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Images: To Track a Sea Turtle

Marine biologist and WHOI guest investigator Kara Dodge (left) and WHOI engineer Amy Kukulya have been teaming up since 2013 to adapt Kukulya’s SharkCam autonomous tracking and imaging system to the challenge of following and filming leatherback sea turtles in their natural environment. (Photo by Ken Kostel, Woods Hole Oceanographic Institution)
Dodge grew up hearing about the time in 1966 when her father, Richard Dwyer (center, in hat) accidentally caught a leatherback sea turtle in his fishing gear off the coast of Scituate, Mass. Dwyer later released the turtle further off shore in what he thought was the animal’s natural, deep-water habitat. (Photo courtesy of Kara Dodge)
Dodge keeps watch for a sea turtle while Kukulya and Dodge’s husband Mike prepare the suction-cup tag. In previous attempts to tag a turtle, simply finding their quarry proved difficult because they present such a low profile on the water and spend a short time at the surface. (Photo by Ken Kostel, Woods Hole Oceanographic Institution)
Mike Dodge prepares to tag a leatherback sea turtle. The tag stays on the turtle’s shell until Kukulya sends a coded acoustic signal that triggers a suction cup release mechanism that she designed. Cameras on the tag allow Kara Dodge to record how much a turtle eats and how often it breathes, which allows her to calculate the animal’s metabolic rate and energy consumption. (Photo by Ken Kostel, Woods Hole Oceanographic Institution)
Kukulya and Dodge prepare a REMUS autonomous underwater vehicle (AUV) that Kukulya and her colleagues at WHOI’s Oceanographic Systems Lab specially adapted to track and film great white sharks (bite marks are visible in the vehicle’s yellow paint). The vehicle is fitted with six GoPro cameras in special housings, enabling it to film a shark’s or a turtle’s behavior from a variety of angles. (Photo by Ken Kostel, Woods Hole Oceanographic Institution)
Kukulya releases a second REMUS vehicle that she configured to gather physical, chemical, and biological data from the water near the tagged turtle. During a mission, she constantly monitors the vehicle’s position to keep it about 350 meters (1,150 feet) away. (Photo by Ken Kostel, Woods Hole Oceanographic Institution)
Once tagged, a leatherback typically dives for the bottom before resuming its normal behaviors. The tag emits a coded acoustic signal that the REMUS TurtleCam vehicle can home in on. The vehicle is programmed to follow the signal and also anticipate the animal’s movements in order to maximize the time that the turtle is in the field of view of one of its six cameras. (Photo courtesy of Amy Kukulya and Kara Dodge, Woods Hole Oceanographic Institution, under NMFS Permit No. 15672-02)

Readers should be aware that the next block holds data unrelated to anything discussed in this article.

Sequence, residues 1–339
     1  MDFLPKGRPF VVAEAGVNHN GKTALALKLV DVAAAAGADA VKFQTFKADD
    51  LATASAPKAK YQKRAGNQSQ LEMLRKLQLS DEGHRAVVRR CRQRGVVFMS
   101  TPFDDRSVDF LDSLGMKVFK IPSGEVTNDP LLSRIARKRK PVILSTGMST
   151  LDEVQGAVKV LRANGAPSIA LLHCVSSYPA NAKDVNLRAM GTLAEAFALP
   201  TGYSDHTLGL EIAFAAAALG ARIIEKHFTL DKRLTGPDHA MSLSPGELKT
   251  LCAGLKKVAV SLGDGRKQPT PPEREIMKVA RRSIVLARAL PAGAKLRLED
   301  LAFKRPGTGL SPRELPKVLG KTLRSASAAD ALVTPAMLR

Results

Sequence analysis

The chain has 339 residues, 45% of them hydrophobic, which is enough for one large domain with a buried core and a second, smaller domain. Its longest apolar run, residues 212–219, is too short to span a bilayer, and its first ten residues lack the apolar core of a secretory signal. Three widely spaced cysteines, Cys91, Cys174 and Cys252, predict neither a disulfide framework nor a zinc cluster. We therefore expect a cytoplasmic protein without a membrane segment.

A tagged turtle surfaces briefly to breathe and finish swallowing a jellyfish. Sea turtles in Vineyard Sound between Cape Cod and Martha’s Vineyard typically spend most of their time eating—and since jellyfish are mostly water, a sea turtle that weighs a ton or more has to consume a lot of jellyfish to keep its energy up. (Photo by Amy Kukulya, Woods Hole Oceanographic Institution, under NMFS Permit No. 15672-02)
In addition to jellyfish, sea turtles in Vineyard Sound encounter many obstacles, some of them fatal. Boat strikes, entanglement in fishing gear, and consuming plastic bags that they mistake for jellyfish are high on the list, and Dodge hopes that information from TurtleCam will help her better understand the nature of these threats so that she and others can help minimize the danger to threatened species. (Photo courtesy of Amy Kukulya and Kara Dodge, Woods Hole Oceanographic Institution, under NMFS Permit No. 15672-02)
A tagged leatherback sea turtle swims at the surface with the REMUS TurtleCam vehicle visible underwater in front of it and a fishing buoy in the background. TurtleCam was originally developed to track and film much different behaviors by white sharks and had to be reprogrammed to follow the yo-yo swimming pattern common to air-breathing marine animals. (Photo by Amy Kukulya, Woods Hole Oceanographic Institution, under NMFS Permit No. 15672-02)
Next up, Kukulya and colleague Roger Stokey will fine-tune the programming that controls REMUS TurtleCam in order to increase the amount of time the vehicle can keep a tagged turtle in its field of view. Meanwhile, Dodge will spend her winter combing through hours of footage for insights into the little-seen lives of endangered leatherback sea turtles. (Photo by Ken Kostel, Woods Hole Oceanographic Institution)
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